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American Corn Growers Foundation to policymakers: Ratchet up ethanol blend to 30%

American Corn Growers Foundation to policymakers: Ratchet up ethanol blend to 30%

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A truck pulls into one of four unloading bays as area farmers bring grain to the Aurora West ethanol plant west of Aurora in this 2011 file photo. (Independent/Barrett Stinson)

Despite the challenges of the pandemic, markets, trade and weather, the U.S. Department of Agriculture said that Nebraska’s 2020 corn crop is forecast at a record 1.82 billion bushels, up 2% from last year’s production.

Nearly every year, the state’s corn production has increased. In 2000, Nebraska farmers harvested 1.014 billion bushels of corn, compared to this year’s 1.82 billion bushels.

As trade has not been able to increase enough to take care of the growing productivity of American corn producers, farmers found another market for their corn — ethanol. Nebraska now has the capacity of producing more than 2 billion gallons of corn ethanol annually.

In recent years, there has been a push to increase the amount of ethanol in gasoline from 10% to 15% or 20%. The American Corn Growers Foundation would like to see policymakers raise that amount to 30%.

According to Gale Lush, ACGF chairman and a farmer from Wilcox, an article in the Nov. 17 edition of World Grain, titled “COVID-19’s lasting impact,” cites a Rabobank report, “The Grain and Oilseed Sector in a Post-COVID-19 World,” that “should serve as a warning to corn growers, farm organizations and policymakers in Congress that it’s time to ratchet up ethanol blending under the RFS to 30% nationwide as soon as possible.”

According to the Rabobank report, as more and more people are working from home, there will be less business travel, less vacation travel and more virtual events and meetings, which makes for a “grim long-term picture for the biofuels industry.”

Lush said the report said that “in recent years we’ve been seeing a slow decrease in corn demand for ethanol in the U.S.”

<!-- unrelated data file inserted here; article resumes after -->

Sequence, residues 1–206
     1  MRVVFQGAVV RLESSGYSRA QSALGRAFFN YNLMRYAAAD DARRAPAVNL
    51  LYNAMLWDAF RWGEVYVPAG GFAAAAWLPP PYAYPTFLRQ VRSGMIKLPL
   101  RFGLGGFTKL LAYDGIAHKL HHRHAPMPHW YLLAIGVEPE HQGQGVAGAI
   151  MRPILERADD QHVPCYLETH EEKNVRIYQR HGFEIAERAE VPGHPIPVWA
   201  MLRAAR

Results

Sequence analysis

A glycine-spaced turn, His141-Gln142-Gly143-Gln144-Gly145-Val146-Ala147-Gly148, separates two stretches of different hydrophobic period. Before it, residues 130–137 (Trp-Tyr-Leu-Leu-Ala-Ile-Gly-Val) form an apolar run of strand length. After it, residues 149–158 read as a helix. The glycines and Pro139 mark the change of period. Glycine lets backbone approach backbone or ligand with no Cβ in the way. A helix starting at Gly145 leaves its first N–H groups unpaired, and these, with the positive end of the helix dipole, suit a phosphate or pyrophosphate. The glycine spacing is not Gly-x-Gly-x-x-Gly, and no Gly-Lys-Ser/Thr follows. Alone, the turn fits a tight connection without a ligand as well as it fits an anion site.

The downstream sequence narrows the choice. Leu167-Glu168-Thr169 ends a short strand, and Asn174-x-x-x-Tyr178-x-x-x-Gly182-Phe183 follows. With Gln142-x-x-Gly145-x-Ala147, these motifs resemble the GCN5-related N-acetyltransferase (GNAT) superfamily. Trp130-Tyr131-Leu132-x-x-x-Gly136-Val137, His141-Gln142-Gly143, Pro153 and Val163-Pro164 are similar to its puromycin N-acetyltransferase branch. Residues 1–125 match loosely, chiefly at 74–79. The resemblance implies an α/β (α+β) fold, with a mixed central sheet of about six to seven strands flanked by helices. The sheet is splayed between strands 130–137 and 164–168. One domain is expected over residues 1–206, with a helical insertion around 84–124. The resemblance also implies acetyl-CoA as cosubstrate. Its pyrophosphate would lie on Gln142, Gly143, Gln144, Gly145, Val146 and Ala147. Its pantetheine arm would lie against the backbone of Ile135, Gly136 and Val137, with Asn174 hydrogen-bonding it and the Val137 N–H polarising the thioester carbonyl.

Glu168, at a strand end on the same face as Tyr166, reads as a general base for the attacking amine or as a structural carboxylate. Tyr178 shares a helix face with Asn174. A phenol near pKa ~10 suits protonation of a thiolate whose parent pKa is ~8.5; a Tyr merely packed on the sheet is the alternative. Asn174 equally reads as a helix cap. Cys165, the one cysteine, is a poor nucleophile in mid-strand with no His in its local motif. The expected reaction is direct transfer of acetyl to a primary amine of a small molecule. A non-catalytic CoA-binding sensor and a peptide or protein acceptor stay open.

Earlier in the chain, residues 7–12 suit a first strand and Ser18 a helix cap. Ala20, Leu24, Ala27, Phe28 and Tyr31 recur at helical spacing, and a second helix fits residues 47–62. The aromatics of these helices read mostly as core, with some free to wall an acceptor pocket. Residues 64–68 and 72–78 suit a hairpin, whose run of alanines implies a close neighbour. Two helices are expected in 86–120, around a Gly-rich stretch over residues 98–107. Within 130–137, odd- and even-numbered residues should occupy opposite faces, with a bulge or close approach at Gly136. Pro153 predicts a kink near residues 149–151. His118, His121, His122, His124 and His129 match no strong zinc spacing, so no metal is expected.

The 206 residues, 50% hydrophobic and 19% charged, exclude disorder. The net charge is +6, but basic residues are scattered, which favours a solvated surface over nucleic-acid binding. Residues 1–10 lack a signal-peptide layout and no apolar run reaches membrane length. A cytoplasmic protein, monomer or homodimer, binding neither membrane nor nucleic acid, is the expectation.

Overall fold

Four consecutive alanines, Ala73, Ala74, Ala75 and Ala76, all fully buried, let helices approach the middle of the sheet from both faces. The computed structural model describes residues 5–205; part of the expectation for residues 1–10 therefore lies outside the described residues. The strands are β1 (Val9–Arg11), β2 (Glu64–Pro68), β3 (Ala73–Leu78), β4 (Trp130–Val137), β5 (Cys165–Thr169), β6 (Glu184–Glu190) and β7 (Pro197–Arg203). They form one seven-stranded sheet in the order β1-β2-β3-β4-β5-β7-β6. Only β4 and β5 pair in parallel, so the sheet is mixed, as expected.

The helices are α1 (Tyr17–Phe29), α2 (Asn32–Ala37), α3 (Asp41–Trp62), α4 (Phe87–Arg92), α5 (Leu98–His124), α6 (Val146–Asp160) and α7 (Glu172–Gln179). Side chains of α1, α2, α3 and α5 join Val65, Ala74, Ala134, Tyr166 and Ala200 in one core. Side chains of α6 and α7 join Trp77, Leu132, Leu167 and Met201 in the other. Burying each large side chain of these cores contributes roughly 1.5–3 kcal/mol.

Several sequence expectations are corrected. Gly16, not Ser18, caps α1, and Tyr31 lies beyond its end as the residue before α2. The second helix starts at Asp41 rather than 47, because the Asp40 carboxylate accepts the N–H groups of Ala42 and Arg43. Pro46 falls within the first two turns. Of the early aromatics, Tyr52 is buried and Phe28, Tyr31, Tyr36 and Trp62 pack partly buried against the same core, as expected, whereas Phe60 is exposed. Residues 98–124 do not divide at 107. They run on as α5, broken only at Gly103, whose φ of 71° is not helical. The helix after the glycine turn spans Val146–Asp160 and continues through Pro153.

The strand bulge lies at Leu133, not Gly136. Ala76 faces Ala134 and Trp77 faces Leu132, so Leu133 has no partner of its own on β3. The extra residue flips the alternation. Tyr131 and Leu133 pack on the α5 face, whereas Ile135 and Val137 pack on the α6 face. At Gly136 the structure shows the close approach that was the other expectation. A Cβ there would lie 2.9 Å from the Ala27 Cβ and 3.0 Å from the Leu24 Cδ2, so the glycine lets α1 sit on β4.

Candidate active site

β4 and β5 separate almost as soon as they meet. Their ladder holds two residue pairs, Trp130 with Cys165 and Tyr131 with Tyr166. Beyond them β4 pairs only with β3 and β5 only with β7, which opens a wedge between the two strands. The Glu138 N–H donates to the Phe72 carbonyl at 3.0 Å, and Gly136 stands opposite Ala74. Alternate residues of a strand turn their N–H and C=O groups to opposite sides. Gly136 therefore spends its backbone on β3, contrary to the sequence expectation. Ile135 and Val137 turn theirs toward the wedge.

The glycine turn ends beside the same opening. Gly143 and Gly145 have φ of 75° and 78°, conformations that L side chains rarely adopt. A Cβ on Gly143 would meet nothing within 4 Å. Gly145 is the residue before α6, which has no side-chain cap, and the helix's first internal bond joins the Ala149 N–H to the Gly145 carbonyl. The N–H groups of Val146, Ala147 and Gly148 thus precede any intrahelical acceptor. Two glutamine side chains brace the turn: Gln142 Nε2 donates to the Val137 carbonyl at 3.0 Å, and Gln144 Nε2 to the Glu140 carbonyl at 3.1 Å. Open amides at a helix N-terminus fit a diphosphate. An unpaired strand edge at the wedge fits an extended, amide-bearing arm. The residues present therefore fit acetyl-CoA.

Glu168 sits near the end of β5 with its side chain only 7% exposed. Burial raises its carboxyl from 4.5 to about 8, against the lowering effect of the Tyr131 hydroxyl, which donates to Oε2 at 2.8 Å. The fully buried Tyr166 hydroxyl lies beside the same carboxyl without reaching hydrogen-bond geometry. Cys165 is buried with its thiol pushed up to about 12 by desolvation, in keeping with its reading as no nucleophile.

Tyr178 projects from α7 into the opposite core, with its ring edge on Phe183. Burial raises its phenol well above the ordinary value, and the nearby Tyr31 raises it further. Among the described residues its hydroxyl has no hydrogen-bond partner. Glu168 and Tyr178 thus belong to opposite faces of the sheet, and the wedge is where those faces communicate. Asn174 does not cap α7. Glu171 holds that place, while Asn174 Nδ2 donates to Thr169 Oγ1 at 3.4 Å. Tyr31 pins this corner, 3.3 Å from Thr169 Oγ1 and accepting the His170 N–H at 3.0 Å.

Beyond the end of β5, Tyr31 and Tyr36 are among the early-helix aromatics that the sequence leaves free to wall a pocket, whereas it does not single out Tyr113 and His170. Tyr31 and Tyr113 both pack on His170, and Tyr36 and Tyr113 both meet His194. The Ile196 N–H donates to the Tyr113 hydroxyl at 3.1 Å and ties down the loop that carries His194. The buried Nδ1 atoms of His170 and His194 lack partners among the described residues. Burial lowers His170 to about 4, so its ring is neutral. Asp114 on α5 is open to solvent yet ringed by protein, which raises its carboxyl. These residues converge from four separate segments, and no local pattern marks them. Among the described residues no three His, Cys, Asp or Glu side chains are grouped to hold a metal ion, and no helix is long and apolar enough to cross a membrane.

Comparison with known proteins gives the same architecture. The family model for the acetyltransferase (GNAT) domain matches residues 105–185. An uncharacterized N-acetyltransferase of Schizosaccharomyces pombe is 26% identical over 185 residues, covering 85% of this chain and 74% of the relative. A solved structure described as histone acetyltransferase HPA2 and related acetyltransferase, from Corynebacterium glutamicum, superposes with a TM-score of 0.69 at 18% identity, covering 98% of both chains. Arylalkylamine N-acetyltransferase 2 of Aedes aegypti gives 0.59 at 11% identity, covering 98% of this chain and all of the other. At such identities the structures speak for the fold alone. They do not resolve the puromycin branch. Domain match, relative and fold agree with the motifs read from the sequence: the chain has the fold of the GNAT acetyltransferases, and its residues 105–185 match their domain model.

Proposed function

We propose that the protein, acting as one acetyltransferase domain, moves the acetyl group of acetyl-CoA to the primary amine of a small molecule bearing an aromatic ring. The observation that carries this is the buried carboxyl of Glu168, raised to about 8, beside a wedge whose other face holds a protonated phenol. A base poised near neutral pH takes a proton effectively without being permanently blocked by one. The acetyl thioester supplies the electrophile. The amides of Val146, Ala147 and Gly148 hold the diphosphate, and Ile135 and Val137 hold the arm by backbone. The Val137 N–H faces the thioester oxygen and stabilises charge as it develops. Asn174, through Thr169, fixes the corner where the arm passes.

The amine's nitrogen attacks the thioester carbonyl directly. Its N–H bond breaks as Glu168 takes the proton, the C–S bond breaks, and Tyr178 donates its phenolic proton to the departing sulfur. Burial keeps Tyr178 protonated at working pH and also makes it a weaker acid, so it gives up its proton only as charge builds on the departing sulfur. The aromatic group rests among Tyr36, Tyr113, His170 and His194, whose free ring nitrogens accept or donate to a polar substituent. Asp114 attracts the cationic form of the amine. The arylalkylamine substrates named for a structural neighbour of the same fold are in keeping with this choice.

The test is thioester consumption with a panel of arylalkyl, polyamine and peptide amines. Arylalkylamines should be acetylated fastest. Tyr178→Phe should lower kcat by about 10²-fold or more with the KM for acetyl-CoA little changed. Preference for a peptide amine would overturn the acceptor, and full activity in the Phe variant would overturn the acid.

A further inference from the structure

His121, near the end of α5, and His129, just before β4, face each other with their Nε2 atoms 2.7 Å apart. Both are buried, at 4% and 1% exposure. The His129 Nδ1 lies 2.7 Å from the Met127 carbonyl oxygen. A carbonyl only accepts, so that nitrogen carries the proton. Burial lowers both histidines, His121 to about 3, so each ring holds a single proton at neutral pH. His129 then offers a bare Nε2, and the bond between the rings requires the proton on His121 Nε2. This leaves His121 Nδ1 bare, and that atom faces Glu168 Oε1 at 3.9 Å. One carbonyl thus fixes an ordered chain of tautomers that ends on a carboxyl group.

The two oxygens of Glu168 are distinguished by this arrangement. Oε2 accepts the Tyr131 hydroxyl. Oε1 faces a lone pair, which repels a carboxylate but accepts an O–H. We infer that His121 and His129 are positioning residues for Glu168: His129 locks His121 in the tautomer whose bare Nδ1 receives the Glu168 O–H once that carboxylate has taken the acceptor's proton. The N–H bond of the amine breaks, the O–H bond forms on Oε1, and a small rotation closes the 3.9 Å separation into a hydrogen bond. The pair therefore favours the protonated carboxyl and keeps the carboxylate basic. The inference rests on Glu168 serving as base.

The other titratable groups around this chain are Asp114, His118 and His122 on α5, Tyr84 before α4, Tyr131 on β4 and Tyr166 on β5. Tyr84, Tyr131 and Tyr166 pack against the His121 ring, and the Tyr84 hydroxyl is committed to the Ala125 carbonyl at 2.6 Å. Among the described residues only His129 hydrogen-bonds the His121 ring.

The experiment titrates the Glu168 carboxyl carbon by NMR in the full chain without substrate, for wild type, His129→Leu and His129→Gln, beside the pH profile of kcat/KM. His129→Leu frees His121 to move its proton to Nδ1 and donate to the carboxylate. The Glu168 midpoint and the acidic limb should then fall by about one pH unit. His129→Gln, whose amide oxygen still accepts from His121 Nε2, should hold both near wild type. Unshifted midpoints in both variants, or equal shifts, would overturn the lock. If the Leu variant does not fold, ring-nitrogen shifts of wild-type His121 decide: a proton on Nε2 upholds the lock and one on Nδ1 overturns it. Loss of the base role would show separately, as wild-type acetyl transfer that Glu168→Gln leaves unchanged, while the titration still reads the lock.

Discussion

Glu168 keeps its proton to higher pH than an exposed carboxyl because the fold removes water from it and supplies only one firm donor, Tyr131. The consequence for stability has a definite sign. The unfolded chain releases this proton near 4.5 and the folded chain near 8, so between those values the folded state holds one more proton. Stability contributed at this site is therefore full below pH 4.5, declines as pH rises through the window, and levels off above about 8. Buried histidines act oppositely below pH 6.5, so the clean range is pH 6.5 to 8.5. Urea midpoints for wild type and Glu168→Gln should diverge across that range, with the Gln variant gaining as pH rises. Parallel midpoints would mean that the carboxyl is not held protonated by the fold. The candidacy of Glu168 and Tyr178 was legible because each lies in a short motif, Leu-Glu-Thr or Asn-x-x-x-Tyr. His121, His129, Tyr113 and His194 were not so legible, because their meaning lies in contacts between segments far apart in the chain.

“That’s been fueled by a couple things, including more fuel-efficient cars, more electric cars and an overall decrease in demand for gas and oil products,” he said. “That trend was already in place and it’s not going away. If anything, it might accelerate. America needs a 30% ethanol blend to offset that trend.”

Lush said that “ethanol is an environmentally friendly, octane enhancing, job creating economic superstar that offers massive benefits for the rural sector and the American economy overall.”

According to a May fact sheet from Growth Energy:

— Thanks to ethanol, there are fewer toxic, dirty chemicals in the U.S. fuel supply, water and air.

— Biofuels, such as ethanol, play a major role in cleaning up our transportation sector and displacing harmful fuel additives, like benzene, toluene, ethylbenzene, and xylene (BTEX) that can be found in petroleum-based fuels.

— USDA data shows that ethanol reduces greenhouse gas emissions by 39% or more compared to traditional gasoline, with corn ethanol’s relative carbon benefits reaching as high as 70%.

— Research conducted in five global cities by the University of Illinois at Chicago found that E10 ethanol blends cut toxic emissions by 15.2%, while E20 blends reduce blends reduce toxins by 31.7%.

— A study done by researchers at the Ford Motor Company found that ethanol blends above 30% cut particle emissions by as much as 45%.

Lush also said that China’s State Council is encouraging all farmers to increase grain production with the planting of wheat, corn and rice.

“So, the large U.S. corn exports to China that have been in the news lately may not be ongoing, as some grain analysts might hope,” he said.

Lush said that with history as a teacher, “We better not count on exports to China to save our farm sector. Recent trade wars prove that reality. The new Biden administration is going to push for more renewable energy. Ethanol is a perfect fit to help rebuild and modernize the U.S. motor fuel infrastructure.”

Dan McGuire, ACGF policy director, points out that USDA’s November World Agricultural Supply Demand Estimate report projects that marketing year 2020-21 corn use for ethanol is only at 5.05 billion bushels, a major drop from 5.5 billion bushels used per marketing year in recent years.

McGuire said that same report projects FY 2020/21 corn year ending stocks at 1.702 billion bushels and average farm prices of only $4 per bushel.

“China is a major importer of U.S. corn in the near term due to a tremendous reduction in their domestic grain production and supply,” he said.

McGuire said, according to a Nov. 12 Reuters article, “China’s grain buying has accelerated since May as Beijing burned through once-huge stockpiles and as extreme weather damaged this year’s corn crop.”

He said that explains why China is importing so much U.S. corn and U.S. prices have risen a little.

McGuire said the USDA’s Foreign Agricultural Service reports that China’s corn imports are estimated to hit 22 million metric tons (867 million bushels), demand met by the U.S., Ukraine and other suppliers.

Even if China buys 500 million bushels of U.S. corn, he said it will only temporarily offset one year’s lost domestic U.S. ethanol demand.

McGuire said the Biden administration must reverse EPA’s RFS ethanol blending waivers for oil companies and push for a 30% ethanol blend in gasoline nationwide.

He said no-till/low-till practices and cover crops make corn ethanol a value-added product of modern, regenerative farming.

“Ethanol is a pro-environment, renewable energy strategy,” McGuire said.

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